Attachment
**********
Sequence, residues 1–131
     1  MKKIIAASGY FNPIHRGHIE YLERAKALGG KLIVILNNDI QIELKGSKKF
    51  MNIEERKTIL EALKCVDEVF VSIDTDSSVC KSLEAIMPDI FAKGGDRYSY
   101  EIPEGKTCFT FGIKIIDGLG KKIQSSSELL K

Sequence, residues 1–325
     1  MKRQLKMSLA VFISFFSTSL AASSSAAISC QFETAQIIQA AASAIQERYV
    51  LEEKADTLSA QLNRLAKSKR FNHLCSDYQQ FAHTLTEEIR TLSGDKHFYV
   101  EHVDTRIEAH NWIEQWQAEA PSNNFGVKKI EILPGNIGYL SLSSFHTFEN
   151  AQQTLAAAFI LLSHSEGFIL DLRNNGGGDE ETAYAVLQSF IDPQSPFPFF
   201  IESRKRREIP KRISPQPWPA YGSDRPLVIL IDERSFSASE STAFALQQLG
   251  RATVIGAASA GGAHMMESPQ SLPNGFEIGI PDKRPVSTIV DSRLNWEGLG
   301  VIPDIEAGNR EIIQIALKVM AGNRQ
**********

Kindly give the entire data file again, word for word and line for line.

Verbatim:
Sequence, residues 1–131
     1  MKKIIAASGY FNPIHRGHIE YLERAKALGG KLIVILNNDI QIELKGSKKF
    51  MNIEERKTIL EALKCVDEVF VSIDTDSSVC KSLEAIMPDI FAKGGDRYSY
   101  EIPEGKTCFT FGIKIIDGLG KKIQSSSELL K

Sequence, residues 1–325
     1  MKRQLKMSLA VFISFFSTSL AASSSAAISC QFETAQIIQA AASAIQERYV
    51  LEEKADTLSA QLNRLAKSKR FNHLCSDYQQ FAHTLTEEIR TLSGDKHFYV
   101  EHVDTRIEAH NWIEQWQAEA PSNNFGVKKI EILPGNIGYL SLSSFHTFEN
   151  AQQTLAAAFI LLSHSEGFIL DLRNNGGGDE ETAYAVLQSF IDPQSPFPFF
   201  IESRKRREIP KRISPQPWPA YGSDRPLVIL IDERSFSASE STAFALQQLG
   251  RATVIGAASA GGAHMMESPQ SLPNGFEIGI PDKRPVSTIV DSRLNWEGLG
   301  VIPDIEAGNR EIIQIALKVM AGNRQ